$40 for the 11-part series; FREE for museum members and SMU faculty, staff & students. Pre-registration is required.
Luis Martín, Professor Emeritus of History, SMU
The invasion of Spain by Napoleon in 1808 precipitated the collapse of the Spanish Empire and began the long, painful process of Latin American independence and of the creation of new nation-states. The lectures will examine and analyze that process of “nation building” and the roles played in it by the different segments of colonial society: Indians, mestizos, creoles and peninsulares. Attention will also be paid to the impact delivered on the wars of independence by merchant guilds, the landowners, the church and the colonial army. A few men of destiny will be presented as leaders of the transition from colonies to independent nations: men like Tupac Amaru, Hidalgo, San Martin and Bolivar. Once Spain was defeated and Latin America was liberated from the colonial yoke, the different regions of the continent engaged in several wars among themselves to determine their borders and frontiers and to crystallize their national identities.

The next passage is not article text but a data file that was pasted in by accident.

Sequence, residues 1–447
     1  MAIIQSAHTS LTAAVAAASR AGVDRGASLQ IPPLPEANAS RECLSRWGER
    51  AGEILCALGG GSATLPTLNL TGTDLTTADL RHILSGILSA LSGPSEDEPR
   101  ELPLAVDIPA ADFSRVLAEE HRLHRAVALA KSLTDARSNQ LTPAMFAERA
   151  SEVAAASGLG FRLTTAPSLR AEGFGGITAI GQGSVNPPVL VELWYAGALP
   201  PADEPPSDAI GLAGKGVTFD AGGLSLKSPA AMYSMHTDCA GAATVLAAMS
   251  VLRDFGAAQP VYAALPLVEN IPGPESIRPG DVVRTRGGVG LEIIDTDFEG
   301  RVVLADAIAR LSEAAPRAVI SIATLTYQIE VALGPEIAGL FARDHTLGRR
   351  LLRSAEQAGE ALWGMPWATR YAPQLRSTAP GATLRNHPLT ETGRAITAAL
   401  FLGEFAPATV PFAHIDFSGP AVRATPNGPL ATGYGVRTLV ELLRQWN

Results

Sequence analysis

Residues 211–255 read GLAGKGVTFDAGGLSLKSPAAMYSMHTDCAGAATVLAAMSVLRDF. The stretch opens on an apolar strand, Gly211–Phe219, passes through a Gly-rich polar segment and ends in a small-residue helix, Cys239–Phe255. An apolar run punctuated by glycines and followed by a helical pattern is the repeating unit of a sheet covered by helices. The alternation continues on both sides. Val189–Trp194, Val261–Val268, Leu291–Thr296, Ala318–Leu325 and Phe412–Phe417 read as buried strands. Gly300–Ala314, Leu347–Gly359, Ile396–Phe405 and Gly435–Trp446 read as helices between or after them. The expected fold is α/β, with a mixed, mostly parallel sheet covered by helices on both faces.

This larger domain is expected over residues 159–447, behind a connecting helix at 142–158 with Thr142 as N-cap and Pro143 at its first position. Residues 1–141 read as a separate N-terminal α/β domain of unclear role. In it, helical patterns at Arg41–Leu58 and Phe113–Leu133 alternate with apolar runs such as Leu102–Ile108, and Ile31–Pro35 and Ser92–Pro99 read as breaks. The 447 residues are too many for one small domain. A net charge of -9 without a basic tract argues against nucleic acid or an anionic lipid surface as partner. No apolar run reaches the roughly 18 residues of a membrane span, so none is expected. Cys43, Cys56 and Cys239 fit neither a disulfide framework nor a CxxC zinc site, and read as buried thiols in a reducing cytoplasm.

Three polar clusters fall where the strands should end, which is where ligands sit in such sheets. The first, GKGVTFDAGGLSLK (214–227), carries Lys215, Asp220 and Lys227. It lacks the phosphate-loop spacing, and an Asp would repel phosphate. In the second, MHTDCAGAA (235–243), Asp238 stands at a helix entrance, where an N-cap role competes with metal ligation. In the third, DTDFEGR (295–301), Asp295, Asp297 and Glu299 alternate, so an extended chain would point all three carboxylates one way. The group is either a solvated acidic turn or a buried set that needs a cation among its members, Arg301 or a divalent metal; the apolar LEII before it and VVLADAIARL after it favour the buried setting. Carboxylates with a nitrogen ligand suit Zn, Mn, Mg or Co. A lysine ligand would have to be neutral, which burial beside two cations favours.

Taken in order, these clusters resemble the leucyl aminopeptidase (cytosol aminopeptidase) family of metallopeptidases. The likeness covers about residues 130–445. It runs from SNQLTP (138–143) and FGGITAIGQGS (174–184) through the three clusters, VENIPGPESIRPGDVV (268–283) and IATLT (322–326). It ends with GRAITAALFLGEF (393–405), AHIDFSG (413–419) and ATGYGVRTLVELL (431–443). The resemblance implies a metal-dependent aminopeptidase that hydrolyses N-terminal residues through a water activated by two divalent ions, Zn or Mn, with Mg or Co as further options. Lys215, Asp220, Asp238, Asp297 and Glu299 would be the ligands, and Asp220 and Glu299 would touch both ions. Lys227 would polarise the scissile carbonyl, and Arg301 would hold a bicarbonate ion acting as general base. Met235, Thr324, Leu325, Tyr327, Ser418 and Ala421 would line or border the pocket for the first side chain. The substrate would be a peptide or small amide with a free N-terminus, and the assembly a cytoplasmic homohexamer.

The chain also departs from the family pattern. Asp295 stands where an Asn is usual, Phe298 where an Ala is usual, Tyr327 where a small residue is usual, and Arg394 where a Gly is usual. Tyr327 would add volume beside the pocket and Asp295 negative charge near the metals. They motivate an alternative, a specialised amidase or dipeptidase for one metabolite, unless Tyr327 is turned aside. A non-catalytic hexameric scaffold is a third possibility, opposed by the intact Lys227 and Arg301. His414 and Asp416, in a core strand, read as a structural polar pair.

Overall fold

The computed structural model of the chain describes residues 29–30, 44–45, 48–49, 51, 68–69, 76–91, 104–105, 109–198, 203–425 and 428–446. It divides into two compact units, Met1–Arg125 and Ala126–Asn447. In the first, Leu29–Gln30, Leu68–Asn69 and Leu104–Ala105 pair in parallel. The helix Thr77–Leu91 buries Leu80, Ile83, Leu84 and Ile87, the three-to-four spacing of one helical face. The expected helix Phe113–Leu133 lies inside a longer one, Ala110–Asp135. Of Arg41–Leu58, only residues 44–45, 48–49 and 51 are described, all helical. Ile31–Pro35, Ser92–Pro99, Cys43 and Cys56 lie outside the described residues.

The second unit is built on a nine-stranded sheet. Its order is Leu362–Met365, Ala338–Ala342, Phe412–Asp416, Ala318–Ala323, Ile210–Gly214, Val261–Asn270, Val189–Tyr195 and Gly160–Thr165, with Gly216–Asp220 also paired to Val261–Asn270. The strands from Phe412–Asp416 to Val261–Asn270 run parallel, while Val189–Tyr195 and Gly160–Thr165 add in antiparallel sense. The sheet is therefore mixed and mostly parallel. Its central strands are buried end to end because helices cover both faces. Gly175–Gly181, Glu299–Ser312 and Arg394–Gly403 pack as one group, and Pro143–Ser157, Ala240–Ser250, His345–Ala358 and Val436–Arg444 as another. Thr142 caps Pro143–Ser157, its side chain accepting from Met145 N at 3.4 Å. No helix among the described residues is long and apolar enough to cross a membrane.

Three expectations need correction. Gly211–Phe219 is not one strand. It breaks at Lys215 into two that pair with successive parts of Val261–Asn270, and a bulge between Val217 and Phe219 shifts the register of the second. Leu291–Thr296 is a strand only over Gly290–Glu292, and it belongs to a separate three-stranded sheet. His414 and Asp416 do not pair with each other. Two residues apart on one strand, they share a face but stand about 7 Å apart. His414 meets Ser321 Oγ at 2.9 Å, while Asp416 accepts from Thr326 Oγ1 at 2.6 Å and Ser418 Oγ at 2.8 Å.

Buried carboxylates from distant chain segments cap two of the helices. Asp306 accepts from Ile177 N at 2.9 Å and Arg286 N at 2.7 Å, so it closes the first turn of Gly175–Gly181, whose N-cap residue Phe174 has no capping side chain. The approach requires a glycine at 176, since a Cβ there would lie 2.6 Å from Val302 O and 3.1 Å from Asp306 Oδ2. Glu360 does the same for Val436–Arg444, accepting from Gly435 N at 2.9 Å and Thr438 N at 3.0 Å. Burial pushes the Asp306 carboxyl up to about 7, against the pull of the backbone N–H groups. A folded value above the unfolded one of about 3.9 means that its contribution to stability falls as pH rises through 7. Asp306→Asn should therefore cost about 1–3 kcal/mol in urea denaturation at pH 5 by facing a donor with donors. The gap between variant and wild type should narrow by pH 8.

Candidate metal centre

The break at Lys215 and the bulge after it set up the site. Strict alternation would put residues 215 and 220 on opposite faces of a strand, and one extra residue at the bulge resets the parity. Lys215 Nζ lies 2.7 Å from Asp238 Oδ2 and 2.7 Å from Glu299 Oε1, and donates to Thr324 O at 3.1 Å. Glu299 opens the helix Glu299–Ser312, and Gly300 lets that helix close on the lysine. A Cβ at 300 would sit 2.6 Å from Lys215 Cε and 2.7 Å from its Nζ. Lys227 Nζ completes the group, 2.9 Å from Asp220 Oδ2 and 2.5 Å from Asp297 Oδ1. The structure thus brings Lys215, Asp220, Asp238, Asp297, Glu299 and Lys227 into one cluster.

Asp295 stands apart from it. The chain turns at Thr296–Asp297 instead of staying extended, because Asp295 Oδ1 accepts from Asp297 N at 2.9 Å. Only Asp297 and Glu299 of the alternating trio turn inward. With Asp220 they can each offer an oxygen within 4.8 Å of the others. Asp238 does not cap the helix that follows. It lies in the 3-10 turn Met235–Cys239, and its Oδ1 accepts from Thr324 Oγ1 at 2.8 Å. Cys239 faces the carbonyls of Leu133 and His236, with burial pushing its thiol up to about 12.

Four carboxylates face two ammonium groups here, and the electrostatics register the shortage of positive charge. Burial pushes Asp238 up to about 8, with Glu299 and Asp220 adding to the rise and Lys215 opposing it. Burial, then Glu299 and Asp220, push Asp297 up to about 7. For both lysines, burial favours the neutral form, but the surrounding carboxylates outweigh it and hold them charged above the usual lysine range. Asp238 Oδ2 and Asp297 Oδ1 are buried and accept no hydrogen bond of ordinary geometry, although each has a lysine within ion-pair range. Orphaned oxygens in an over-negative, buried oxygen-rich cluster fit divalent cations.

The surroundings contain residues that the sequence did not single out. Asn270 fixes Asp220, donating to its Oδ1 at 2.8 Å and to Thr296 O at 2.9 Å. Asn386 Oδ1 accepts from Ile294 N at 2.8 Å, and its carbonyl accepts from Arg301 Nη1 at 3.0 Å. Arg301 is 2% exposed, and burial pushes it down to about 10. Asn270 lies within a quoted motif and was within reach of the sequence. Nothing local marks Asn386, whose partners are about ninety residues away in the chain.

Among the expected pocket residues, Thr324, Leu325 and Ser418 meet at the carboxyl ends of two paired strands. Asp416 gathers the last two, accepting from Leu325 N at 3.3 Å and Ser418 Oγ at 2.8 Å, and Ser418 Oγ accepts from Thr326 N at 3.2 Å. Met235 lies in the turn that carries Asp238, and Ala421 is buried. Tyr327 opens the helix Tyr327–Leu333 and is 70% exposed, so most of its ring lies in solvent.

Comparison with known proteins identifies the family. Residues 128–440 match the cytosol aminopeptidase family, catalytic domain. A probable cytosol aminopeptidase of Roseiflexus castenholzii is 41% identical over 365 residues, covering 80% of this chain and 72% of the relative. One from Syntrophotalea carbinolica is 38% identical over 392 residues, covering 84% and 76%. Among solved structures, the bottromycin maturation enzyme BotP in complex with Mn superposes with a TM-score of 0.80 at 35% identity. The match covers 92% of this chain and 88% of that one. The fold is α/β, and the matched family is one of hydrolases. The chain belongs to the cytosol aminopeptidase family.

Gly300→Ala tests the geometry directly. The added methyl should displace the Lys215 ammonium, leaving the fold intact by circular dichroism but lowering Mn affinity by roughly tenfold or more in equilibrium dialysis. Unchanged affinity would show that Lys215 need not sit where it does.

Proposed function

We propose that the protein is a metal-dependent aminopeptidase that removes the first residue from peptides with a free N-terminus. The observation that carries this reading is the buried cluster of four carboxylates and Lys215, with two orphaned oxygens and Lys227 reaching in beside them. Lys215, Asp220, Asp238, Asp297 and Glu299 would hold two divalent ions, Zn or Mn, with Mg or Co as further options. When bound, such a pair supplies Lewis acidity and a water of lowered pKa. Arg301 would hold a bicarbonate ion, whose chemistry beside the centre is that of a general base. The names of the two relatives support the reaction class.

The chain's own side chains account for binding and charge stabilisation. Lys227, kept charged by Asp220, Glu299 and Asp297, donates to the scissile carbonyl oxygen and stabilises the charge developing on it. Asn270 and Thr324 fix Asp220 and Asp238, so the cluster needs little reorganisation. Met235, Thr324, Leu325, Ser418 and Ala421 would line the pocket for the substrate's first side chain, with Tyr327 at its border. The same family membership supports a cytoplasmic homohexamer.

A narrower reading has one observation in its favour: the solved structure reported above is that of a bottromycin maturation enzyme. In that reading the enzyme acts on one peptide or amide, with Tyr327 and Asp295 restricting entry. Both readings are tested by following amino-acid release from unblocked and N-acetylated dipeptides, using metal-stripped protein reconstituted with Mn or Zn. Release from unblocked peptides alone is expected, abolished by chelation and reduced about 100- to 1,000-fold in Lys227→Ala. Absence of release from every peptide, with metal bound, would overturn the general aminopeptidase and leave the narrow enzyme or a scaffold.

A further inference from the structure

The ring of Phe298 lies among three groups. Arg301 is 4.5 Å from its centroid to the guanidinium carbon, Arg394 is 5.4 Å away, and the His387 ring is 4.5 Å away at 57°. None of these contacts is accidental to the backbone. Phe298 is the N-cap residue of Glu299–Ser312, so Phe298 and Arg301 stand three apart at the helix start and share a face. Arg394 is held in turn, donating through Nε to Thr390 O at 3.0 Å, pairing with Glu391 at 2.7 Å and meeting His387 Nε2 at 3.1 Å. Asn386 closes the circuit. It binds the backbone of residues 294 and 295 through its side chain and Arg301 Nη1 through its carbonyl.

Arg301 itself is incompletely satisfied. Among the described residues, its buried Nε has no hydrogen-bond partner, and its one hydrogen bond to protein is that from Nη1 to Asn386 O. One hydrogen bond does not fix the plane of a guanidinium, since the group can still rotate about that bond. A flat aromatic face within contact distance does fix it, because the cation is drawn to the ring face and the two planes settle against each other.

Every Friday morning, February 1st through April 26, 2013. No lectures March 15 and March 29.
For more information and to register, call 214.768.2740.